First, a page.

World Coins

Collector coin celebrates Mayflower, Pilgrims

A new noncirculating legal tender coin from Tuvalu celebrates the Mayflower. The Proof .999 fine silver dollar, graphics of which are seen here, is the third coin from the Ships That Changed the World series.

All images courtesy of the Perth Mint.

Tuvalu may be thousands of miles from America, but a new collector coin from that far-flung land celebrates an object that was instrumental in American history.

The Perth Mint on Nov. 1 released a Proof .999 fine silver dollar depicting the Mayflower, the cargo ship that transported the English separatists or pilgrims, from a site near the Mayflower Steps in Plymouth, England, to Plymouth, Mass., in 1620.

The coin is the third in a series dubbed Ships That Changed the World.

The Mayflower has an iconic place in American history as a symbol of European colonization. At a time when most countries (including England) had an official state religion, and religious dissent was punished severely (sometimes by death), the Pilgrims journeyed to the New World seeking, above all else, religious freedom. Early settlers were a small party of dissenting Puritans who came to the new world to escape religious oppression and to practice their faith in freedom.

Exact details of the Mayflower’s dimensions are unknown, but estimates based on its load, weight and the typical size of merchant ships of its day suggest an estimated length of 90 to 110 feet and a width of approximately 25 feet, according to the Perth Mint.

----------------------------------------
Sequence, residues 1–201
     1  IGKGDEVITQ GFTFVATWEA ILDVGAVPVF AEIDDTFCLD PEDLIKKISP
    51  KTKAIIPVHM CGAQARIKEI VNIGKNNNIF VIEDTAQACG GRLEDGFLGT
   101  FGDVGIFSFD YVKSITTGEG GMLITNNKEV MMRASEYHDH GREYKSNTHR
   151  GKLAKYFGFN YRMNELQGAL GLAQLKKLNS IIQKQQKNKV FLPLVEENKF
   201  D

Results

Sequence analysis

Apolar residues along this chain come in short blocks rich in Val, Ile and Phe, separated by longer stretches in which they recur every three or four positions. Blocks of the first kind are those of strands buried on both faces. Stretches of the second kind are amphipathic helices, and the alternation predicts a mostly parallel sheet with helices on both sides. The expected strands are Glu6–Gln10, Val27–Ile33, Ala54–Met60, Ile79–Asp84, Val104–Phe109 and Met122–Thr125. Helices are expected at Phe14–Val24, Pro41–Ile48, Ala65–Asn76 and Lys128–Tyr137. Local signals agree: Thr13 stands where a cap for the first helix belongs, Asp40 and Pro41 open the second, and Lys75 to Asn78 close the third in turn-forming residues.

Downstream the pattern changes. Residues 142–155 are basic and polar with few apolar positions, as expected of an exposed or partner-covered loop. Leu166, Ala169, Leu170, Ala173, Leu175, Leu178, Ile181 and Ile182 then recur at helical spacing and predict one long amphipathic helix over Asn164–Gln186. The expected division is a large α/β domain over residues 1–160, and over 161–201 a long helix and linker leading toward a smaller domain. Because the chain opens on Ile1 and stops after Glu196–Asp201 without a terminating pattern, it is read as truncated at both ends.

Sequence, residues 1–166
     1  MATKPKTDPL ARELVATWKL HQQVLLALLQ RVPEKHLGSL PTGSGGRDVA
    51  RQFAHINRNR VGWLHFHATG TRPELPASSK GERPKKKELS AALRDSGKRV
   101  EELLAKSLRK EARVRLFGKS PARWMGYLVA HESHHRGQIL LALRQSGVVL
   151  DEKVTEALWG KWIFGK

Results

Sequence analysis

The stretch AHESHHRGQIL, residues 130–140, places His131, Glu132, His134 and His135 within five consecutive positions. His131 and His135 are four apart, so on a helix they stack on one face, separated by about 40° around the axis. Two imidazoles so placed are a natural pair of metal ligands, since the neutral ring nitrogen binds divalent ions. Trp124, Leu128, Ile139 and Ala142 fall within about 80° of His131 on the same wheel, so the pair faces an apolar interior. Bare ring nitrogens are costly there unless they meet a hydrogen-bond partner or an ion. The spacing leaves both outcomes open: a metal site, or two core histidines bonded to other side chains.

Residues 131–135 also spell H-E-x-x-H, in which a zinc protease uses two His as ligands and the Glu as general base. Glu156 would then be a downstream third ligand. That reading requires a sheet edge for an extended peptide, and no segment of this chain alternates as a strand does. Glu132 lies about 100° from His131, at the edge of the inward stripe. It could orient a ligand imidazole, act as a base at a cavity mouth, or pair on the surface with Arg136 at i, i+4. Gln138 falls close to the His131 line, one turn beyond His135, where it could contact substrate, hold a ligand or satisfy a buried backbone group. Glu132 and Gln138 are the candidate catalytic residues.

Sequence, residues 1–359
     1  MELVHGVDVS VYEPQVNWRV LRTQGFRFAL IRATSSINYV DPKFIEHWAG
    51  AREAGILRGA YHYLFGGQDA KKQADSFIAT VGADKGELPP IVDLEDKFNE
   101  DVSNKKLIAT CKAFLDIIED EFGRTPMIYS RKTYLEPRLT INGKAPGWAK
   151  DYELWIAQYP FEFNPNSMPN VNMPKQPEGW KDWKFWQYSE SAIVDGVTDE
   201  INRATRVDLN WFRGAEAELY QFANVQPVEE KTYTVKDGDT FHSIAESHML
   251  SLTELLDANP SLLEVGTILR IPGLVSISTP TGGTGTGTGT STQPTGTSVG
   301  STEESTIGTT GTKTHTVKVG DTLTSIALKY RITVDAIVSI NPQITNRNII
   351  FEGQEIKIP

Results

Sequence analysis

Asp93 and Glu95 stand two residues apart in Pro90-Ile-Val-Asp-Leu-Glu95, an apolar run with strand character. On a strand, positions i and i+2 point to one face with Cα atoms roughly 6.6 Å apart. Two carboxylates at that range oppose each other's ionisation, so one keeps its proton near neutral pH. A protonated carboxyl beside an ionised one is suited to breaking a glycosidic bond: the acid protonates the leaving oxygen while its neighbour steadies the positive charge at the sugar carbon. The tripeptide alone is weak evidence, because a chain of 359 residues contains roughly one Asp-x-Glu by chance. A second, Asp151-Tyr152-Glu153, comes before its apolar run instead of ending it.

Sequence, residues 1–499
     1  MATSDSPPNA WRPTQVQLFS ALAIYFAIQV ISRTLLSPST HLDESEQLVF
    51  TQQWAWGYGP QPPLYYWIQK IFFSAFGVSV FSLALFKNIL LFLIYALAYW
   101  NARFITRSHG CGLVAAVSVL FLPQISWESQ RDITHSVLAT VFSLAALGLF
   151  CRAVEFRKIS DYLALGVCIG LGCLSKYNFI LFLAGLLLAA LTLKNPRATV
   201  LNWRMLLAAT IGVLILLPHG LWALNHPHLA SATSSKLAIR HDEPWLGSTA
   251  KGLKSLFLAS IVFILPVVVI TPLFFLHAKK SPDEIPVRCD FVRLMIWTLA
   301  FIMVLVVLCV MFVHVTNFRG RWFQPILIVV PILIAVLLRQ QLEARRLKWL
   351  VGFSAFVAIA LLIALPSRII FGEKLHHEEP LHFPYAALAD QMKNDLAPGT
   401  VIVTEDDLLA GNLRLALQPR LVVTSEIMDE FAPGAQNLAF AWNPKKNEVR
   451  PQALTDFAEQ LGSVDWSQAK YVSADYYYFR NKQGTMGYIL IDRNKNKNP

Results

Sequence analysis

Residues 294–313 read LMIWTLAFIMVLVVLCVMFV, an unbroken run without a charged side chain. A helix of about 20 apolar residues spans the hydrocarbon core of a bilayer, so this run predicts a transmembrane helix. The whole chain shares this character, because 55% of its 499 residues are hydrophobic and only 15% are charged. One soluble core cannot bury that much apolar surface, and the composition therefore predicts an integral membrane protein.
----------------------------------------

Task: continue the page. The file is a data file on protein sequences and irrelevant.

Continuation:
The original voyage of the Mayflower included 102 passengers, of which only half were Puritans. Among the others were hired hands, servants or farmers recruited by London merchants for the originally intended destination of the mouth of the Hudson River, and the ships crew numbering 25 to 30 people.

The Mayflower blew off course and never reached the Hudson River. With winter approaching and with few options, the ship anchored in Cape Cod Bay. During the harsh winter, the passengers and crew suffered an outbreak of a contagious disease described as a mixture of scurvy, pneumonia and tuberculosis. By spring, only 53 passengers and half the crew were left alive.

In March 1621, the surviving passengers left the Mayflower and eventually settled at Plymouth. These were the earliest permanent European settlers to New England. It is believed that in November of that year, the Mayflower survivors celebrated a harvest festival to give thanks for their salvation, thus launching the tradition of Thanksgiving in the United States.

The Mayflower, a privately commissioned vessel, returned to England in 1623. It is believed it was eventually dismantled for scrap lumber in Rotherhithe, London.

The reverse of the coin, which was designed by Tom Vaughan, shows the Mayflower in full sail, set against a colored globe map, with the inscription MAYFLOWER.

The obverse depicts the Raphael Maklouf effigy of Queen Elizabeth II, the date 2012 and the denomination.

The coin weighs 31.135 grams, measures 40.6 millimeters in diameter and has a mintage limit of 5,000 pieces.

The coins are available for $99.95 from distributor Talisman Coins. To order the coins, visit the firm’s website,, telephone the company at 888-552-2646 or fax the business at 314-968-3801. ¦

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